Natural Capital

Natural capital is similar to other types of capital which can produce economic outputs.

Natural capital includes the stocks of living and natural resources on a farm or property including vegetation, soil and soil biology, water, native fauna, livestock, crops, pastures, riparian areas and biodiversity corridors.

Each of these components of natural capital can be managed by landholders and it also includes the natural capital imported and exported from the farm such as plant and animal products, fertilisers, food and fibre and water runoff.

Natural capital provides a range of benefits and ecosystem services such as carbon sequestration, biodiversity conservation, habitat for beneficial insects, fodder for livestock, groundcover, shelter, erosion reduction and reduction of greenhouse gases.

We have compiled a range of resources for you to learn more about natural capital and how to enhance the natural capital on your property.

Source: Integrated Futures
The importance of Natural Capital

The natural capital of a farm provides a range of ecosystem services that can support crop and livestock production. Natural capital can improve nutrient cycling and composting functions, vegetation providing shade, shelter, fodder, and forage for livestock, as well as habitat for beneficial insects and birds, regulation of soil and water quality and other services that support efficiency, profitability, and business resilience – which all benefit farm businesses

Other natural capital assets which are good for public benefit include habitat for wildlife and conserving biodiversity, storing, and sequestering carbon, as well as protection of waterways from leaching and soil erosion.

Natural capital accounting (NCA) can support farm management decisions, negotiations with supply chains, farm finance and ecosystem service market access (carbon or biodiversity projects). 

Useful Resources:


Conserving the biodiversity currently existing on your property is an important aspect of managing your natural capital. Farms contain much of the remnant vegetation across the country and these patches of remnant vegetation provide much needed habitat for endangered animal and plant species. 

Management actions you can take to conserve your natural capital include:

  • Conserving remnant natural vegetation, including isolated paddock trees. 
  • Fencing remnant vegetation and farm dams (avoid using barbed wire as this can injure wildlife). 
  • Keeping fallen timber and dead trees for habitat


Useful links/resources for conserving Natural Capital:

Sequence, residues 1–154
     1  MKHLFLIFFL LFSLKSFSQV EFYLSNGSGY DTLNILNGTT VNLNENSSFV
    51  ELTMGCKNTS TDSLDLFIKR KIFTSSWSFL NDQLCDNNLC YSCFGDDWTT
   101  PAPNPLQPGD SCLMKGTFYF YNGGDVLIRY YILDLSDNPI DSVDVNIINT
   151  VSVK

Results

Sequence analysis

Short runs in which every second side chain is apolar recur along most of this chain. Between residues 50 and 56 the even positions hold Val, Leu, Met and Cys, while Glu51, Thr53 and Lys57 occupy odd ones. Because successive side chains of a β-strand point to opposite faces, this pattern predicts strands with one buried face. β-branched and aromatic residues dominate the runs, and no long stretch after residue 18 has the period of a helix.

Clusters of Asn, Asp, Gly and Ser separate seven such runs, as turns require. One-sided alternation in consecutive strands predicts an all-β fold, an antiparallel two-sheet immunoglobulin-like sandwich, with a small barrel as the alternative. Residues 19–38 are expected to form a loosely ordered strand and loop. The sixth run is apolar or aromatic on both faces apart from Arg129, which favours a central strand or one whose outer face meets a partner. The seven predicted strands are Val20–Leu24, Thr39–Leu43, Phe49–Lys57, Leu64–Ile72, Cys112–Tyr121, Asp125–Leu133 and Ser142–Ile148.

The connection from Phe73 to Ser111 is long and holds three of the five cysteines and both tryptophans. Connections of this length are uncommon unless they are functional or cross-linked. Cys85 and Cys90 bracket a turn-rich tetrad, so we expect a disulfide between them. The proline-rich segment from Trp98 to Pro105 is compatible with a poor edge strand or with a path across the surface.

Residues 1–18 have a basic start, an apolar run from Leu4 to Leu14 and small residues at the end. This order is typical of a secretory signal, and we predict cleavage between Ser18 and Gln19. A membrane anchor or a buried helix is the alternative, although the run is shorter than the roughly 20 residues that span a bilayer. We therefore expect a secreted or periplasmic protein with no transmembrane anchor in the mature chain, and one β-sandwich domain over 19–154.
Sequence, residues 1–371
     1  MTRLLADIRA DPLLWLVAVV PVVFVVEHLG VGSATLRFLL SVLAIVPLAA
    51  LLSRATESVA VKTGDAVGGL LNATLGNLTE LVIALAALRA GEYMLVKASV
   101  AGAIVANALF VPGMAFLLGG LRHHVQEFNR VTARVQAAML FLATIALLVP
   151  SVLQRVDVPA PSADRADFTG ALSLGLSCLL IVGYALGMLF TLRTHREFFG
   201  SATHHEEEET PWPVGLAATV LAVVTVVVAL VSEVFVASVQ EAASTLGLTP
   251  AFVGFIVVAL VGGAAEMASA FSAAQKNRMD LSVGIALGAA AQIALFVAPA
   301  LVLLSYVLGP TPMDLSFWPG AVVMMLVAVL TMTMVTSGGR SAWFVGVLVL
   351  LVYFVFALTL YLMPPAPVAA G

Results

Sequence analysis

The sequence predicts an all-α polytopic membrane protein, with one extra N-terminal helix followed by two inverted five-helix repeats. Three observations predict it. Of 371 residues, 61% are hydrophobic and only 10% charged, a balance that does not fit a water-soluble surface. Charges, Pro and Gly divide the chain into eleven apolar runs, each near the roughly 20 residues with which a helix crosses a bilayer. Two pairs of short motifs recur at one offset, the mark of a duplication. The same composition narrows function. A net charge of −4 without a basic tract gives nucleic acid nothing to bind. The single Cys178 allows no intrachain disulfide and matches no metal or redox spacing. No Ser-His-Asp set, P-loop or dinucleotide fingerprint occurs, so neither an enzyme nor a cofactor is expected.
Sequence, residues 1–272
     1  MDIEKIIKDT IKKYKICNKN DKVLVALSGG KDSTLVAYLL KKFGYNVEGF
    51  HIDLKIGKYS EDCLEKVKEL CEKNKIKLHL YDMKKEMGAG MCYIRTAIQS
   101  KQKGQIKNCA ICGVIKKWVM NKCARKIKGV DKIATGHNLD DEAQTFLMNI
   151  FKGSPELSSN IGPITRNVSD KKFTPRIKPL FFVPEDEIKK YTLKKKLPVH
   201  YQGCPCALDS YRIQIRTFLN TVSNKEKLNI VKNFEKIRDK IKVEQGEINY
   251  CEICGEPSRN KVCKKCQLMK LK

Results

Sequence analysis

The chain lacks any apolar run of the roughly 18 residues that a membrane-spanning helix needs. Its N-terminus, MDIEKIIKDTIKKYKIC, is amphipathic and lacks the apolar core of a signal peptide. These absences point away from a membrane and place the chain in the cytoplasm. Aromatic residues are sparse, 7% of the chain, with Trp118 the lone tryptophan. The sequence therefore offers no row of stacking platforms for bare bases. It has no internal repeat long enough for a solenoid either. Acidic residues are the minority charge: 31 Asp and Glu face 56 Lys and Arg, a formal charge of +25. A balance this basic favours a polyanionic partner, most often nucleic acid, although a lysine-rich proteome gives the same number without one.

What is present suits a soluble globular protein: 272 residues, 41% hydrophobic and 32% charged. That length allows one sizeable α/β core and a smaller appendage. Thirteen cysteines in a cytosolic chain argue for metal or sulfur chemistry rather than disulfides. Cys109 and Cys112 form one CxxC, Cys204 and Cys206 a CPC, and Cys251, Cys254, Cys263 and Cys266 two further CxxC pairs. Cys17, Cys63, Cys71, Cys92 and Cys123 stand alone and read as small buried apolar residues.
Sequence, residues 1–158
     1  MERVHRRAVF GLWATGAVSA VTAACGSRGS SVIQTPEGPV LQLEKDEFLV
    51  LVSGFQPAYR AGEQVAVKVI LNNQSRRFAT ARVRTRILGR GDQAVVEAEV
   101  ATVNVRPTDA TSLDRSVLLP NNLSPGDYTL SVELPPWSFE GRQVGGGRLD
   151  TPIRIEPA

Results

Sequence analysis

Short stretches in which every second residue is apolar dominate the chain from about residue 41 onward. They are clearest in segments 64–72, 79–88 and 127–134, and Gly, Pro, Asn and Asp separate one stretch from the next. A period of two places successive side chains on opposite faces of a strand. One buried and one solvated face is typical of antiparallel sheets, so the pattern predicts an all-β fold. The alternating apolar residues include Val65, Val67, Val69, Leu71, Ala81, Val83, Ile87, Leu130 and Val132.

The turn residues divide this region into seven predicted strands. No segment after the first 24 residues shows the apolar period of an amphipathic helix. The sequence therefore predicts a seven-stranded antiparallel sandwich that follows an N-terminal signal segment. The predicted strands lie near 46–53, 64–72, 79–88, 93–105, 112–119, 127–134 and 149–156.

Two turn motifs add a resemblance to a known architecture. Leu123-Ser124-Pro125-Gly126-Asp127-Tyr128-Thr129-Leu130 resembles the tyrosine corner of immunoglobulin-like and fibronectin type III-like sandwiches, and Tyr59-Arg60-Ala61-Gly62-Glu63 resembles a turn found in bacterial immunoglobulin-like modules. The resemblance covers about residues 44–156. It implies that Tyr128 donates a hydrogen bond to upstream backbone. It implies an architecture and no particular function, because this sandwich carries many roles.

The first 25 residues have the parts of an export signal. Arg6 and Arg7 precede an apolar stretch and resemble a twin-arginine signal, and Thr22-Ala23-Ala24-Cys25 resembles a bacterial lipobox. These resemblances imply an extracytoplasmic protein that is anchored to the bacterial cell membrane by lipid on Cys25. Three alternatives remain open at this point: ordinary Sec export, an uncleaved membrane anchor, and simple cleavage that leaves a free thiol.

In addition to conserving the existing natural capital on your property, there are a number of actions you can take to improve or enhance natural capital as well.

Management actions you can take to improve your natural capital include:

  • Revegetation
  • Establishing native shelterbelts
  • Connecting remnant vegetation patches
  • Encouraging pollinators and other beneficial insects
  • Installing artificial nestboxes
  • Installing an artificial floating island on your farm dam
  • Reduced or no-till
  • Using legumes in crop rotations


Useful links/resources for improving Natural Capital:


RegenWA and Perth NRM have successfully completed 35 on-farm natural capital assessments through Farming for the Future and Integrated Futures research projects which included –

  • In-field collection of data, farmer interviews and farm advisor negotiation;
  • Data collected included soil collection (Visual Soil Assessment only), ecological attributes including ground cover species, ground cover percentage, height of sward, natural assets, remnant vegetation, riparian vegetation etc;
  • Collecting paddock management history;
  • Mapping and data imputation; and
  • Report collation (in collaboration with Integrated Futures)
You can read more about this project here.

RegenWA team members are accredited Accounting for Nature General Experts. Please get in touch if you are interested in completing an account for your property.

The team have also conducted numerous presentations to farmers and industry to highlight the benefits on-farm natural capital has to production and the environment.

These are currently the options for on-farm natural capital accounting assessments –


Useful links/resources for assessing Natural Capital:


Join our community

RegenWA welcomes anyone with an interest in regenerative and sustainable agriculture to join our community. Members get bi-monthly newsletters with updates about what's happening in the regenerative agriculture space.